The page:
The task of eliminating poverty and inclusive growth has been on the Indian government's agenda ever since we gained independence in 1947. More than 60 years have passed and still about one-third of our total population is below the poverty line. In order to further its aim of eliminating poverty the government has launched various schemes and offered heavy subsidies in food and oil for the ones who can't afford to buy them at market rates. However rampant leakages and corrupt practices have defeated the purpose of offering subsidies. The direct cash transfer mechanism, where the difference between the subsidised price and market price is directly transferred to the beneficiary's account who can then go to the market and purchase his necessities, has emerged as a way to solve these problems.
Fighting inefficiencies in the current system
It was in the Union Budget 2011 when the government announced its movement away from the existing price subsidies to direct tax transfer to the households below the poverty line. The earlier system involved directly paying the manufacturers who were required to charge a low price to the targeted below poverty line consumers.
The main problem in such a system is with regard to delivery system. A report by the Planning Commission established the inefficiency of the Public Distribution system stating that almost 60% of the subsidised food grains are diverted from reaching the targeted consumers.
What direct transfer payment does is that it mitigates the involvement of layers of middlemen, who take a cut from the subsidy at each level, thus reducing leakages in the process. It also eliminates the problems of duplicate ration cards and thus the increasing subsidy bills. The cash transfer would speed up the distribution system as the disbursement won't be affected by the availability of LPG, kerosene or food at discounted rates in ration shops.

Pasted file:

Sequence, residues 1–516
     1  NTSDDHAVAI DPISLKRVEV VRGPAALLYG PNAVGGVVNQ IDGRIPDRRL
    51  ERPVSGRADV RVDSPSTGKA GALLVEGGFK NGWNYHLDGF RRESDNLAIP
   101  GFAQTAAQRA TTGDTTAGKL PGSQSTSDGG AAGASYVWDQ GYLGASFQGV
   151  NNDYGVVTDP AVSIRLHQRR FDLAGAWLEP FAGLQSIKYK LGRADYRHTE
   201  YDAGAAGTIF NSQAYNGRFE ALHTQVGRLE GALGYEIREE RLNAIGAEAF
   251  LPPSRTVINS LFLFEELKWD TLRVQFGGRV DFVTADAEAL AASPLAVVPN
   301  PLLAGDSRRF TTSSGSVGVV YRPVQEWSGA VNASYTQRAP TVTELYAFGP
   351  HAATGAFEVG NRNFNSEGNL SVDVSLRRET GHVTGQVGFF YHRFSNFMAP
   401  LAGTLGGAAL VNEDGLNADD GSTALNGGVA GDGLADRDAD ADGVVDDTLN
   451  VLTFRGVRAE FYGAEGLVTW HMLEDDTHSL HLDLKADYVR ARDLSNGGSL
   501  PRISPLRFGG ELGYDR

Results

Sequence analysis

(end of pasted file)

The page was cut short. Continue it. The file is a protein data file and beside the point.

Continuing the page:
The direct electronic transfer linked to a person's Aadhar bank account encourages a single bank account to avail all services. This may also promote the financial inclusion and the establishment of digital infrastructure.
Though the scheme has been rolled over in a few states such as Andhra Pradesh, Puducherry, Chandigarh, Punjab and Jharkhand, the following challenges remain.
Possible Challenges underway
A major challenge for the coming government is to identify the beneficiaries under this scheme and make sure that money reaches them. A problem in this regard is that the transfers are linked with Aadhar cards which has covered only about half of the population till now. With a huge proportion of population without Aadhar cards, it is unlikely that the direct transfer mechanism will reach the desired audience.
Another concern for the coming government will be to ensure that the money that is transferred is used for the desired purpose. Often free money like this is used by men for alcohol consumption and gambling, thus calling for regular monitoring by the government. One solution in this case could be to ask the people to submit a bill of their expenses before they get their next transfer. However with a huge un-organised sector in the country may be this solution would also not be of much help.